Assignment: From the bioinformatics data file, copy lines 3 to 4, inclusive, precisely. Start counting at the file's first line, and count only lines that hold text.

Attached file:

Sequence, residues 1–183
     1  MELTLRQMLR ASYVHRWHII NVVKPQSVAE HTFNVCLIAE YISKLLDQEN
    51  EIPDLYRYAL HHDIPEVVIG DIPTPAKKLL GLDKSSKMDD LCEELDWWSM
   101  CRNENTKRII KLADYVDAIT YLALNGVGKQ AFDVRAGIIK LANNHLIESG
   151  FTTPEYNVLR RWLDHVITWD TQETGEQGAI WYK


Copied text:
    51  EIPDLYRYAL HHDIPEVVIG DIPTPAKKLL GLDKSSKMDD LCEELDWWSM
   101  CRNENTKRII KLADYVDAIT YLALNGVGKQ AFDVRAGIIK LANNHLIESG